SPAC Sponsors Profited Even As Investors Lost
The implosion of the special-purpose acquisition company boom left mostly a string of losing investments in its wake, but it turns out there were a few winners.
Those entities that collected healthy fees for overseeing the formation and execution of SPACs reaped the rewards of the trendy route to public listing.
The financial services firm Cantor Fitzgerald, for example, oversaw the merging of laser tech company AEye Inc. into a SPAC in the summer of 2021. Cantor invested less than $10M in the deal but made at least $35M in fees related to the listing and share sales, the Wall Street Journal reports.
SPACs, including AEye, go public at $10 per share. As of Monday, AEye is trading for a little more than 91 cents per share.
“There is no question that the sponsors had great returns at the same time that public market investors had very negative returns,” Jay Ritter, a finance professor at the University of Florida, told the WSJ.
Private investors put hundreds of billions of dollars into SPACs during their brief heyday in 2020 and 2021, many of which targeted proptech or other real estate-adjacent companies for acquisition.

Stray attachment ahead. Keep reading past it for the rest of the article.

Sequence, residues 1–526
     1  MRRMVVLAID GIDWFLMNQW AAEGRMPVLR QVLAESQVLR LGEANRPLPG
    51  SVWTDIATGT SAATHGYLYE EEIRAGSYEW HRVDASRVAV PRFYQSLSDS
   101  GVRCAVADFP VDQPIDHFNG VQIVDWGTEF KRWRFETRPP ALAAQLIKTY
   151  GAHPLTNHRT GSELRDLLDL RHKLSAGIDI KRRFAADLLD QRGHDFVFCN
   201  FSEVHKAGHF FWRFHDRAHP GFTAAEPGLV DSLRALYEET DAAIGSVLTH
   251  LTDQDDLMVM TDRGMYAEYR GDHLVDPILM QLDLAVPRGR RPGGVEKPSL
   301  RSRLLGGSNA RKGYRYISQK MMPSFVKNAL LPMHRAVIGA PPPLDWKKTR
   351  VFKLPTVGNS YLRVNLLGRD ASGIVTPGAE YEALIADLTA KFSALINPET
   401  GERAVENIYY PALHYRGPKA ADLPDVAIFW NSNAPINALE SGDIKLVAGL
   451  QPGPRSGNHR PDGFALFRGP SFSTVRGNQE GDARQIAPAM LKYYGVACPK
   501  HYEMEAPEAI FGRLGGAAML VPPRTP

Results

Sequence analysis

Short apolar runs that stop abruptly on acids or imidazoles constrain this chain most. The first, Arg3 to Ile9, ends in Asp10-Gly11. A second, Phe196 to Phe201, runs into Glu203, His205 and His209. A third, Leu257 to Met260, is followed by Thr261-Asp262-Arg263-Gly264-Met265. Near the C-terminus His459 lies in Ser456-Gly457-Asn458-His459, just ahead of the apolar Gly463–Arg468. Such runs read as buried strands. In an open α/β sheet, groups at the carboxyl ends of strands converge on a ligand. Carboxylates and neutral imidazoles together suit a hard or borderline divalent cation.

During the rush to form the investment vehicles, companies such as Latch, Opendoor Technologies and WeWork were all acquired — and they are all now valued well below $10 per share.
“To be clear, no great companies went public via SPAC,” Shadow Ventures founder KP Reddy told Bisnow in March. "At the very beginning, maybe a few because it was fast, but certainly not now."
SPACs are structured such that they have two years to make an investment. Some dissolved without doing so, such as Equity Distribution Acquisition Corp., a SPAC formed by real estate billionaire Sam Zell in 2020.
In that case, investors get their investments back, avoiding a big loss on a stock that tanks after it goes public at $10 a share. Still, such investors don't have a return to show for their two-year investment.